Post-flight Aerothermal Analysis of the Stardust Sample Return Capsule
MetadataShow full item record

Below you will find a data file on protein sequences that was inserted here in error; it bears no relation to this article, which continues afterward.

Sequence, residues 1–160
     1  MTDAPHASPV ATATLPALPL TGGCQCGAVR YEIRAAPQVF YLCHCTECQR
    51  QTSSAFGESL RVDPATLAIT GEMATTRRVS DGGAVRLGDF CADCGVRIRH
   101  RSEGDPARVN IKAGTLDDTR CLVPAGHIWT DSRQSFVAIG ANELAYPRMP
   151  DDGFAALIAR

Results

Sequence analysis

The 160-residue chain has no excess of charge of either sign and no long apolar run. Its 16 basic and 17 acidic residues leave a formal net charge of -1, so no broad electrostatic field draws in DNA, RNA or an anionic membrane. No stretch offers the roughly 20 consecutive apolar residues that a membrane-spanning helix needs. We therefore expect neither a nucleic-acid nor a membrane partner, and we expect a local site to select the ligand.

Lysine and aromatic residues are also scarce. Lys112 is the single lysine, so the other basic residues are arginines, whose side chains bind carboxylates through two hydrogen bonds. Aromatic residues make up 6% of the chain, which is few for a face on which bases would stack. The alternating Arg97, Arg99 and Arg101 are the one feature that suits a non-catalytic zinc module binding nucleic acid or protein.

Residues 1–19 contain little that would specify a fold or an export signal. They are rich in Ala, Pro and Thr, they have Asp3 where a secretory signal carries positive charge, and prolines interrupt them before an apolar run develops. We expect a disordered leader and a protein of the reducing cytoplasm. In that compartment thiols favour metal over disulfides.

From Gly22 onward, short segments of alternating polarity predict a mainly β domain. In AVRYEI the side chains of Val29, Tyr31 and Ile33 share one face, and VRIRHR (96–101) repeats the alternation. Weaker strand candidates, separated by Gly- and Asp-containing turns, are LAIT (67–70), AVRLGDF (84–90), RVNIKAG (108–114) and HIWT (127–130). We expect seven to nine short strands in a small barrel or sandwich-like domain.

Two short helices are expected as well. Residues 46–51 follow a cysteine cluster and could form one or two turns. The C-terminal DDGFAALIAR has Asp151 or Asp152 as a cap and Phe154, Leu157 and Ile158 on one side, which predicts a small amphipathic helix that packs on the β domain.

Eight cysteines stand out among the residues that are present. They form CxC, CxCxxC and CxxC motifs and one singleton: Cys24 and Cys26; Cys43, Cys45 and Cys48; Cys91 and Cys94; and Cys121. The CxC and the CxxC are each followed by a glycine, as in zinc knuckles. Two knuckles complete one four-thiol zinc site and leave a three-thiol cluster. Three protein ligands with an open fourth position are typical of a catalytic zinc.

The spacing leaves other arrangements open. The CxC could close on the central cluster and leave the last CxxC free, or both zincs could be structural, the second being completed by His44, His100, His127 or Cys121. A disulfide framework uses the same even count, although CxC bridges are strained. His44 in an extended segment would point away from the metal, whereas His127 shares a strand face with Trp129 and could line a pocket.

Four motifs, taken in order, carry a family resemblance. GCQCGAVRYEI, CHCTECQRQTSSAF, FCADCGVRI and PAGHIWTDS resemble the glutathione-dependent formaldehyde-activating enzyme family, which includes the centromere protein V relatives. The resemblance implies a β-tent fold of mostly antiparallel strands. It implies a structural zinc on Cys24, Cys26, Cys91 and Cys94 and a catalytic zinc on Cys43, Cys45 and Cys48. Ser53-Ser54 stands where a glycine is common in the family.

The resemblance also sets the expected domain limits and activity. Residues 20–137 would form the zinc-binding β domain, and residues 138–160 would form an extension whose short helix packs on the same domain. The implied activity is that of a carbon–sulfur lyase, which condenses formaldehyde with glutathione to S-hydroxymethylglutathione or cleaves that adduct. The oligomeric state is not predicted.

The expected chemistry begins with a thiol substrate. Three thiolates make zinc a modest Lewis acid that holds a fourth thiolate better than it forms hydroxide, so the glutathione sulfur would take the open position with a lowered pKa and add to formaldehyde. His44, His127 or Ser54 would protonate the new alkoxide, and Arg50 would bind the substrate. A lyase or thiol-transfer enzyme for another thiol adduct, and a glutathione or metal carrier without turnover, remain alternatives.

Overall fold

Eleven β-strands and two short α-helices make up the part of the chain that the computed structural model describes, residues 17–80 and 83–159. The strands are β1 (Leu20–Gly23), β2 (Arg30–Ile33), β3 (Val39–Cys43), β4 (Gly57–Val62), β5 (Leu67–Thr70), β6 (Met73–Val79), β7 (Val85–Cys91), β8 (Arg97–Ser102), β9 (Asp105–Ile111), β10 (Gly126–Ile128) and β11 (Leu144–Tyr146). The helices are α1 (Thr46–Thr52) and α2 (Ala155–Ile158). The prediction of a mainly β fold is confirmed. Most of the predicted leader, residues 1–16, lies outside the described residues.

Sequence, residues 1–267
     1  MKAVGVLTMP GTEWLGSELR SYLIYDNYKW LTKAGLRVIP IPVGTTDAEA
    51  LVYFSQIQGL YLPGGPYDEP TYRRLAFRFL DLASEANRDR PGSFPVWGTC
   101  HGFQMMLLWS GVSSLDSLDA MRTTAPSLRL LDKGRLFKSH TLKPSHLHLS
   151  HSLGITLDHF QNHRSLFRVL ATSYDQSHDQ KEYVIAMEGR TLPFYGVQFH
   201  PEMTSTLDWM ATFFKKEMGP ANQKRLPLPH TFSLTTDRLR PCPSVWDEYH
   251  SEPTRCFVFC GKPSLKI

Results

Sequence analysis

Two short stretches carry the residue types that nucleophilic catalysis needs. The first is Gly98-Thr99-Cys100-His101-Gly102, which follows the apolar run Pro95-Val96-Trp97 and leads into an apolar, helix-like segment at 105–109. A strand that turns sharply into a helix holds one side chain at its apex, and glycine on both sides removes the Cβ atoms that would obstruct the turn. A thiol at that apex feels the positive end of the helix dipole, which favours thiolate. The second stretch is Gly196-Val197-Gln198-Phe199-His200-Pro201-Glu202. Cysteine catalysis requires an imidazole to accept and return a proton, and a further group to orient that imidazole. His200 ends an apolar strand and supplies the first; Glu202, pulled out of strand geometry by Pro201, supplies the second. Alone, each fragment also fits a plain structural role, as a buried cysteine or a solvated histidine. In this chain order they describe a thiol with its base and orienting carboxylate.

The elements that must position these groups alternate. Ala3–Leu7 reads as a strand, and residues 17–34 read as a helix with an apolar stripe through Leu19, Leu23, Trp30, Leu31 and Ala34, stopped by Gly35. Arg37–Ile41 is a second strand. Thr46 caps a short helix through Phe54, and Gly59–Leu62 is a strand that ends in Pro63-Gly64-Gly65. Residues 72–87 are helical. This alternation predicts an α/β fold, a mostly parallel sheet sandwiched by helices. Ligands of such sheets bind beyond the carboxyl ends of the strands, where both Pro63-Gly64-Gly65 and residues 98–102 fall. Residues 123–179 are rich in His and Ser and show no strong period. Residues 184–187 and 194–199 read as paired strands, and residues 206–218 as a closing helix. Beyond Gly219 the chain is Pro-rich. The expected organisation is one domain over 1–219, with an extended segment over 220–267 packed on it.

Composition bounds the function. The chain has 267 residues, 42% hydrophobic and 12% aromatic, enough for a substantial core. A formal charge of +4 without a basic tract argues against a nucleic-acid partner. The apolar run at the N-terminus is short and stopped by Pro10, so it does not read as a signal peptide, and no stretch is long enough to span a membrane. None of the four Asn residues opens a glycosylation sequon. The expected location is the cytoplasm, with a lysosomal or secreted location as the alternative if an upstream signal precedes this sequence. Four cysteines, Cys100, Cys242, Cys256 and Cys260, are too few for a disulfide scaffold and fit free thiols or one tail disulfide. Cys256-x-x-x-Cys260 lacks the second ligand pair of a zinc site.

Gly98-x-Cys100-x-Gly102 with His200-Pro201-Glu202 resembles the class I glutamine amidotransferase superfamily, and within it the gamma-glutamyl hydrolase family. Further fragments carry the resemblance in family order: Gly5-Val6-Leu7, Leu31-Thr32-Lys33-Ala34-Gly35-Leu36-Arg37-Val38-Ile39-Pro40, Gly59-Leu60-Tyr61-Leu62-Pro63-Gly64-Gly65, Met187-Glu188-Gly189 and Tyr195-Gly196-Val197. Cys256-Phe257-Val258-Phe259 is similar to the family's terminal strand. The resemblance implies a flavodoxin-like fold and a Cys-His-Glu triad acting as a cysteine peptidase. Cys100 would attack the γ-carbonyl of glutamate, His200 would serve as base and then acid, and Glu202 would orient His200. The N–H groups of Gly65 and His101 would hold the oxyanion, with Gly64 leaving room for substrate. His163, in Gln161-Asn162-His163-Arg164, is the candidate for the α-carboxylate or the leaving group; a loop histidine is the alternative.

The Stardust Sample Return Capsule (SRC) was launched in February 1999 on a mission to retrieve samples of interstellar dust from the tail of comet WILD-2. Stardust returned to Earth in January 2006 entering the atmosphere with a velocity of 12.6 km/s, the fastest Earth reentry and highest energy reentry of any artificial vehicle to date. Several optical instruments captured the reentry of Stardust through an observation campaign aboard the NASA DC-8 airborne observatory. Flow environments obtained from Computational Fluid Dynamics (CFD) solutions are loosely coupled with material response modeling to predict the surface temperature of Stardust throughout the reentry. The calculated surface temperatures are compared with the data from two spectral instruments onboard the airborne observatory, the Echelle camera and SLIT telescope. The gray body curves corresponding to the average and area-averaged surface temperatures predicted by the material response simulation have excellent agreement with the recorded Echelle data at lower altitudes. At these altitudes the CFD/material response coupling can predict the surface temperature to within 50 K. The CFD calculations alone overestimates surface temperatures because it does not take into account ablation, as the material response modeling does. At higher altitudes, the presence of paint on the heatshield could have contribution to the lower observed surface temperatures and explain the over-prediction by the simulated data, which does not account for the paint. The over-prediction of the simulated surface temperature coincides in time with the high emission intensity lines corresponding to paint products. The average surface temperatures resulting from the SLIT telescope analysis agree to within 5% with the average surface temperatures predicted by the material response. Surface temperature is one of the critical parameters used in the design of thermal protection systems since it is an indicator of material performance. The combined CFD/material response approach employed in the present analysis can thus be reliably used for future missions such as CEV Orion.